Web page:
Unrated - Cinema of the Extreme

The films of Takashi Miike are cruel and anarchic; and anyone who has sampled the elliptical and arresting delights of his films such as AUDITION and ICHI THE KILLER will be attuned to the Japanese filmmaker’s haphazard delights herein. For a film dubbed ‘Part Man, Part Machine…All Yakuza,’ it’s clear that FULL METAL YAKUZA takes ROBOCOP as its reference point. But by turning the slick Hollywood sleeper of 1987 inside out, Miike manages to accentuate his qualities as a true maverick.

Wannabe yakuza Hagane – a nervous, bumbling wreck – is resigned to doing domestic chores with his younger brother Junji for the Mutsumi crime family. Idolising heavily tattooed, sword-wielding Tosa, he is honoured when his hero entrusts him to take care of his wallet while he ‘goes away.’ While in town, Tosa says goodbye to his younger girlfriend and massacres several of the rival Nakame clan, and severs the arm of their still-living leader with his sword.

Sentenced to prison, he emerges after seven years to find ever-incompetent Hagane, and is given back his wallet by the now enforcer who still idolises him. When Hagane escorts him out to his hideout, it’s discovered too late that Tosa has been set up: in a hail of bullets, both hero and worshipper are damaged beyond repair…or so it seems. After waking on a stretcher, Hagane walks about town discovering his various super powers, and he beats up a gang who once humiliated him.

Short-circuiting in the rain, he is collected by mad doctor Hiraga, whose pleasure is to “mess around with corpses” to pursue his dream of creating a “robo-man”. Hiraga informs Hagane that he has been rebuilt in a metallic frame with his own brain and much of his body, but with Tosa’s heart, penis and back tattoo. When Hiraga plans to erase his emotions, the powerful but insecure cyborg takes leave so that he can exact revenge wile he still retains a measure of human feeling.

Using his superhuman strength newly developed fighting skills and enhanced vision and hearing, Hanage confronts the duelling Mutsumi and Nakane families, leading to a number of outlandish and bloody massacres.

Altough handed a routine script, Miike should be credited for turning it into something quite subversive. The tension between the original material – i.e. lone gangster-turns-into-cyborg – and the final product is apparent throughout, especially in the early stages. Instead of developing the brooding swordsman into an invincible killing machine, our protagonist is one of the most (deliberately) useless characters in sci-fi / action cinema history. Miike runs him through numerous situations to reduce Hanage to less than zero: as an enforcer, he is scared off by an elderly couple; he bungles a hit job by pissing himself and crying; and is beaten up by obnoxious teenagers. In an interesting construct, he has to be combined with the body parts of a real yakuza (Tosa) in order to function as a Full Metal Yakuza.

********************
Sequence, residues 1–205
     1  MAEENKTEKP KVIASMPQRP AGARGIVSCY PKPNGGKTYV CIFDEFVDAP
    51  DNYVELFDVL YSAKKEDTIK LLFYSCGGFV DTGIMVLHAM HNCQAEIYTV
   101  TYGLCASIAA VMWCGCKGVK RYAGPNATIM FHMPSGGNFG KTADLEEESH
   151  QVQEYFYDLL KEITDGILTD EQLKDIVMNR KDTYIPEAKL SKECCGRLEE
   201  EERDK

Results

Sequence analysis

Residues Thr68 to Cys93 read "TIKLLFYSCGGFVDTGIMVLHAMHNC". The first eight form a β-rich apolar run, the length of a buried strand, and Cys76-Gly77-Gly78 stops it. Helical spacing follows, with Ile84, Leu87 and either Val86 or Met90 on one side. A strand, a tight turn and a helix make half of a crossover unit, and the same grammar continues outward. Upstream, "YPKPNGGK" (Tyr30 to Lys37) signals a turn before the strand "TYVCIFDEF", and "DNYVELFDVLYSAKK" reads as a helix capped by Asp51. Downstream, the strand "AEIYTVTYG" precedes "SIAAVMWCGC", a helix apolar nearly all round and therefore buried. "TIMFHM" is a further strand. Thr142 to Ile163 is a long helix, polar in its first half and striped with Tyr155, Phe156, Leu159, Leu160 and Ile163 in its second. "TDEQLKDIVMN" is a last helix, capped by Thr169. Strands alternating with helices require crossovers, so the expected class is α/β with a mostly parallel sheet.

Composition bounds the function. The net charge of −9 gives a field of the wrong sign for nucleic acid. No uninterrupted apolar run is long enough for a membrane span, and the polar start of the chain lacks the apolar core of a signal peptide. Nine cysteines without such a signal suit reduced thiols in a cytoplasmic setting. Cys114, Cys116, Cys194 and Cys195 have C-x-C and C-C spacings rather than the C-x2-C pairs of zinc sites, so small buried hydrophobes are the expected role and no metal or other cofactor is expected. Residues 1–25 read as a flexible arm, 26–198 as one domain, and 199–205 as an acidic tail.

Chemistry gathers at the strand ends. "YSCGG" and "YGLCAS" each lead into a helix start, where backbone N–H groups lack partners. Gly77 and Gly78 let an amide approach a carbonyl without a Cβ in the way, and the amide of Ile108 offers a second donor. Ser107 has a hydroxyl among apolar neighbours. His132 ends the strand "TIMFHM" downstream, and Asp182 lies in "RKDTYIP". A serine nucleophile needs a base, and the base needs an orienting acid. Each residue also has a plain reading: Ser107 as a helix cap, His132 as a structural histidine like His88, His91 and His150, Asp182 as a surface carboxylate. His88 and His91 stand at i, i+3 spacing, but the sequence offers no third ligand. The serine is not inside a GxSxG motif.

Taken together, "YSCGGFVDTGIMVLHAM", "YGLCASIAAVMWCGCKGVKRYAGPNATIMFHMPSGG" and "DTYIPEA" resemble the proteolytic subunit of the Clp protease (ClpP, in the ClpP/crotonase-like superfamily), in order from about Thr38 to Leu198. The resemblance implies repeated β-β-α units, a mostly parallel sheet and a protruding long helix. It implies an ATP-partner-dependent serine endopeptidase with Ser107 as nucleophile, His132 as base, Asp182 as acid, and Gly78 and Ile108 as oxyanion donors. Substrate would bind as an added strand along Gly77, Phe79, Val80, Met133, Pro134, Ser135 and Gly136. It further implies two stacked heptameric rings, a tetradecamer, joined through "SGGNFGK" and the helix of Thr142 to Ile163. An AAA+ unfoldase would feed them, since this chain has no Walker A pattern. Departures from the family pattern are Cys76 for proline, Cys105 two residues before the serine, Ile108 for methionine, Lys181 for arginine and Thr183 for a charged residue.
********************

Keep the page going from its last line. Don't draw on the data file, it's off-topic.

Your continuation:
FULL METAL YAKUZA is a worthwhile companion piece to Miike’s own gangster epic AGITATOR. As I wrote for sexgoremutants.co.uk in a review of that film, “(it) details an interesting irony in its characterisation. The younger men are typically loyal, honest, and possess integrity; whereas their elders are prone to backstabbing, manipulation and general opportunism… The younger men, therefore, are the anachronisms – idealistic and romantic in a cynical era – while the old codgers are the only men who attempt to adapt to the times.” In FULL METAL, it is the would-be heroism of Hagane that is out of place in a corrupt world. His simple quest for revenge and honour (Tosa tried to save him by shielding him, to no avail, alas) comes across as naïve hero worship, forced romanticism, and a pathetic surrender of his own identity.

Shot on video, FULL METAL is ROBOCOP downgraded into a rough-hewn pastiche. Verhoeven’s commitment to drama was so strong that it allowed us to identify with the robot, but Miike’s ‘version’ won’t let us take the cyborg seriously. Hagane’s tacky, padded armour looks like a campy ‘60s superhero’s, and ROBOCOP’s diet of baby food is inverted when Hagane eats metal to recharge himself: he memorably chews bits from a cereal bowl filled with milk! Most amusing is the departure from the slick violence dished out by the altered patrolman Murphy. Hagane performs a bizarre technique to shield himself from bullets and attack villains. While inverting his shoulder to cover weak spots, he takes dainty stutter steps to manoeuvre him into attacking range, causing even his wound up younger brother to gasp “Eh?” in a mixture of hilarity and disbelief.

With some outrageous scenes of violence – including an extremely inventive suicide method – hard-edged pinku perversity and some striking scenes of carnage, FULL METAL YAKUZA prefigures the unbelievable ICHI THE KILLER, and belies its cheap format with sharp and colourful photography. Miike, as ever, makes some astonishingly abrupt shifts in tone that are nonetheless easy to accept, given the context of the film and our own expectations from him as director: hilarity alternates melancholy without shunning those glued to riveting action. As Hagane, pop star Tsuyosi Ujiki is appropriately wet, and he injects an air of melancholy as the disgruntled, austere cyborg. If we were thankful for ROBOCOP before, we should be doubly so now.

Mathew Sanderson


Directed by Takashi Miike

Japanese with English Subtitles
Japan / 1997 / 103 minutes (uncut) / Colour

Interview with Takashi Miike
Interview with Yasushi Shimamura
Commentary by Tom Mes

An Artsmagic DVD Release

Region 2 pal


FULL METAL YAKUZA (Part of the Takashi Miike Boxet)

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